The popularization of high-contrast dynamic content (better known by the acronym HDR) is the next big step for improvement in video quality and multimedia consumption. Games, movies, videos, and series are already being produced with HDR technology that maintains a more excellent contrast between the lighter and darker areas of the image, creating a more realistic composition.
Google added HDR support from the Android 7.0 Nougat, and this enabled the feature to expand to a series of devices that already had a technology-ready display. Applications such as Netflix, YouTube, Amazon Prime Video and Google Play Movies were then upgraded, and devices like Galaxy S8, Note 8, iPhones 2017, Xperia XZ Premium and several others began to enjoy the best video quality.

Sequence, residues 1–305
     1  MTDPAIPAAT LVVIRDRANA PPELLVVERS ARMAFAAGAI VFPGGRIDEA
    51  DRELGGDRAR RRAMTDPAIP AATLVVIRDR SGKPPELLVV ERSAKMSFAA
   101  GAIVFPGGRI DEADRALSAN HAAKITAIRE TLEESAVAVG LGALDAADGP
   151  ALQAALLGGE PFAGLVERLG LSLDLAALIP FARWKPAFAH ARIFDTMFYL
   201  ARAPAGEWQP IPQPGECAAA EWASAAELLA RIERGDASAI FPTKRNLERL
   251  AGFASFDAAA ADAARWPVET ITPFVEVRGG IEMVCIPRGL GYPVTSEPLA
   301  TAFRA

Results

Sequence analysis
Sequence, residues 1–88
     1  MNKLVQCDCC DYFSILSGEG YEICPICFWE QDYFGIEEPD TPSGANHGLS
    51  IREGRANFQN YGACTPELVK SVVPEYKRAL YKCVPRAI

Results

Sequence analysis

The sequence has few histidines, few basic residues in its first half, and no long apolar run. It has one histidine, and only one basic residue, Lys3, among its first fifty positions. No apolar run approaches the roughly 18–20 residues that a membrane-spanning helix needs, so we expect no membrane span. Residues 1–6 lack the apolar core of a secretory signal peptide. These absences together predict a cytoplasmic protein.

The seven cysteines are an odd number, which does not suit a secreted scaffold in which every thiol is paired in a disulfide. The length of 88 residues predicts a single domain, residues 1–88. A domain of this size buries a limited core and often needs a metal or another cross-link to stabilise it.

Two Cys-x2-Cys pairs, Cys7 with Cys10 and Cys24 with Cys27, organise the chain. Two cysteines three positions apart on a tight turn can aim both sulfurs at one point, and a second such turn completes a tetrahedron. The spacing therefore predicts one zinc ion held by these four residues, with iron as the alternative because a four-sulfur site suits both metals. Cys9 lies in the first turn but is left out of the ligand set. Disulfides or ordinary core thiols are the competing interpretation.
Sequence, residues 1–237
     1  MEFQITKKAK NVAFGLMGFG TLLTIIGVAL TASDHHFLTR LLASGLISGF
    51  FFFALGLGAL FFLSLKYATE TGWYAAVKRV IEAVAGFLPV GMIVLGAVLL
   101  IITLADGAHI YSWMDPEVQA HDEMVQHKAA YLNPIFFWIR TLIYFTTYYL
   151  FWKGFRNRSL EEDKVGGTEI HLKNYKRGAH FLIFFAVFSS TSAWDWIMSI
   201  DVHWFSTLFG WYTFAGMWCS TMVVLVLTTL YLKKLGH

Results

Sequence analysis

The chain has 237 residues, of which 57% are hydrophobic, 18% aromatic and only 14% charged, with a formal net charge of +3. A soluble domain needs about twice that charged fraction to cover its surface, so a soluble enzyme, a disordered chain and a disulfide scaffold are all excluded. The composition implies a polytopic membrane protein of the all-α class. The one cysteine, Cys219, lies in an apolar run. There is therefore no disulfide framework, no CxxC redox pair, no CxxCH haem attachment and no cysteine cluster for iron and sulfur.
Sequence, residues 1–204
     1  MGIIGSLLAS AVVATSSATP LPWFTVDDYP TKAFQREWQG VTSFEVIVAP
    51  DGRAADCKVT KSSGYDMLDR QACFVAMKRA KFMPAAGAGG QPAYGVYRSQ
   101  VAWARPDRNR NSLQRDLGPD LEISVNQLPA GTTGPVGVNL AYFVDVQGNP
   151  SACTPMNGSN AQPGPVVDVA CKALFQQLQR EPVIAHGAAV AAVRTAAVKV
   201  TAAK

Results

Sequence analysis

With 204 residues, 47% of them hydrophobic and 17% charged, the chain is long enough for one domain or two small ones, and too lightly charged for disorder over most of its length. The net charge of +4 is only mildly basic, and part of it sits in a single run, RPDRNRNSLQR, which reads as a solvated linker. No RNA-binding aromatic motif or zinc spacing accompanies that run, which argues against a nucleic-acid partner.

According to the latest Chromium updates, Google Chrome for Android will soon be able to extract the HDR metadata directly from the video drivers and pass them to the MediaCodec class. The HDR video is converted to the 10-bit VP9 Profile 2 codec for use with the supported device.
The improvement provided in Chrome will bring results like higher video quality in the near future as we do not know when Google will deploy the feature in your mobile browser.
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